The White House on Wednesday announced the agreement involving the remains of about 20 people and 28 funerary objects taken from the Mesa Verde area more than 100 years ago. The remains and artifacts were unearthed during excavations by a Swedish researcher in 1891 and hundreds of items eventually became part of the collection of the National Museum of Finland.
President Donald Trump and Finnish President Sauli Niinisto acknowledged the sanctity of the items to the more than two dozen tribes with cultural connections to the Mesa Verde region, best known for hundreds of stone dwellings that early inhabitants constructed in cliffsides, said U.S. Interior Secretary David Bernhardt.
The agreement ensures the remains and items will be brought “to their proper resting place in the U.S,” Bernhardt said. Clark Tenakhongva, vice chairman of the Hopi Tribe, said tribes hope to receive the collection by early next year and would ensure funerary items are buried with the remains in the general area where they were taken, accompanied by a ceremony.
“I know we’ll work together as the various tribes that have interest in them,” Tenakhongva said. “And how we process them will be the most carefully thought out plan so that we don’t do any more harm than what’s already been done.”
The exact burial location won’t be publicized to prevent the site from being disturbed. “They need to be returned there so they can safety return to the spirit world, in the next world,” he said. “Hopi always believe, like most cultures and people, when you pass on you’re going to return to God or Jesus. And we return back to the hands of the creator who brought us here.”
The agreement comes as U.S. lawmakers have pushed for legislation to ban collectors and vendors from exporting Native American ceremonial items. The proposal would close loopholes that have stifled efforts to retrieve Native American items that have shown up on the auction block in Paris.
In 2016, French dealers were forced to halt the sale of a ceremonial shield from Acoma Pueblo, a Native American village west of Albuquerque. Leaders from the New Mexico tribe said the shield was taken from their village decades ago.
A federal court earlier this year called for the shield to be released to the U.S. Embassy in Paris so it could be returned. Efforts to return the Mesa Verde remains and items started in 2016 when tribes associated with the park began working with the Finnish museum to identify the collection’s human remains and funerary objects. An inventory was completed last year.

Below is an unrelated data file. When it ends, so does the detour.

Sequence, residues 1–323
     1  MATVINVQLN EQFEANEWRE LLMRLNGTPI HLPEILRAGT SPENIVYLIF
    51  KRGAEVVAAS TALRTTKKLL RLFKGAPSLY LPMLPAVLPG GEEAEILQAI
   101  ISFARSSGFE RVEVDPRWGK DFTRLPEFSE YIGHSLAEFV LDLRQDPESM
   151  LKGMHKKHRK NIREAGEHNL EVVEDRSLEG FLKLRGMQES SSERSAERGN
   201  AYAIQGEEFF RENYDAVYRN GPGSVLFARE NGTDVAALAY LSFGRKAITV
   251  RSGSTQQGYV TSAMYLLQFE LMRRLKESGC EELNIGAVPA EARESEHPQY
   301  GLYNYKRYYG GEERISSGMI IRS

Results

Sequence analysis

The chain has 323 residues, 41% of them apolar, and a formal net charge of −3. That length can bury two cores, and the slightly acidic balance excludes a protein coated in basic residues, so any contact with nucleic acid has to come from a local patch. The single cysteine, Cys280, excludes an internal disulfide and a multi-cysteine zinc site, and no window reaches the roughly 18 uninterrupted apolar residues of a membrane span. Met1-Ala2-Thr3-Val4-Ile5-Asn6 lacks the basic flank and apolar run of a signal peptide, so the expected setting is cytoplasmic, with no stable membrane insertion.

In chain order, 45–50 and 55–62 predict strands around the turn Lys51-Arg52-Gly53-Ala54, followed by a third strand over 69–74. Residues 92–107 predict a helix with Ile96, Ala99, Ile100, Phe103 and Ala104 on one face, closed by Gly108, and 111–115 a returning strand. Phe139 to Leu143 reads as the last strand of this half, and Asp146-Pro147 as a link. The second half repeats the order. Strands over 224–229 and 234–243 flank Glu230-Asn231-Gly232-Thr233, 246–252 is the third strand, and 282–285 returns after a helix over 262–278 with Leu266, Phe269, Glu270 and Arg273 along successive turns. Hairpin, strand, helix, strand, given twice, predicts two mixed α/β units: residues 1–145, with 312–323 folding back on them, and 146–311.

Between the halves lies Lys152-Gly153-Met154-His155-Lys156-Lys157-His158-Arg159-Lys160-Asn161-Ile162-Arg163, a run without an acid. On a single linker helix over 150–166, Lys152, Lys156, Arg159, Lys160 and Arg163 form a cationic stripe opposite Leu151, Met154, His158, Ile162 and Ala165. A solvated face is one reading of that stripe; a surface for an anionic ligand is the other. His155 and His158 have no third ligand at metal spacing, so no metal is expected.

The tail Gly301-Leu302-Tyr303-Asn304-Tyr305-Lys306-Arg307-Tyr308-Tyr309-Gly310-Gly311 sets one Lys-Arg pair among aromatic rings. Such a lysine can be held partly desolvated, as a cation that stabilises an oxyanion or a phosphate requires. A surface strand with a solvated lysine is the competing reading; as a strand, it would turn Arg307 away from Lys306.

Federal officials must now craft a plan for the transfer of the remains and items to the tribes and pueblos. The Hopi Tribe in northeastern Arizona was among those leading the repatriation effort. The other tribes with links to Mesa Verde include the Navajo Nation, which spans parts of Arizona, New Mexico and Utah; the Southern Ute and Ute Mountain Ute in Colorado; 19 pueblos, and the Mescalero and Jicarilla Apache tribes in New Mexico; and Ysleta del Sur Pueblo in Texas.
Navajo President Jonathan Nez said the agreement is a step in the right direction. “This is an unfortunate and longstanding issue that many tribes have dealt with including the Navajo Nation,” he said.
E. Paul Torres, chairman of the All Pueblo Council of Governors, said tribal leaders look forward to the repatriation and referred to the cultural items as “the sacred living footprints of our ancestors” and vital parts of the legacy that tribes strive to leave for future generations.
The excavations more than a century ago by the researcher Gustaf Nordenskiöld resulted in his arrest in 1891 when he tried to export the collection. He was later released because no U.S. laws had been broken.
Hopi officials said the case helped to sway public perception about the importance of protecting cultural resources. Later, the 1906 Antiquities Act was adopted, and Mesa Verde was established as a national park.
Fonseca reported from Flagstaff, Arizona.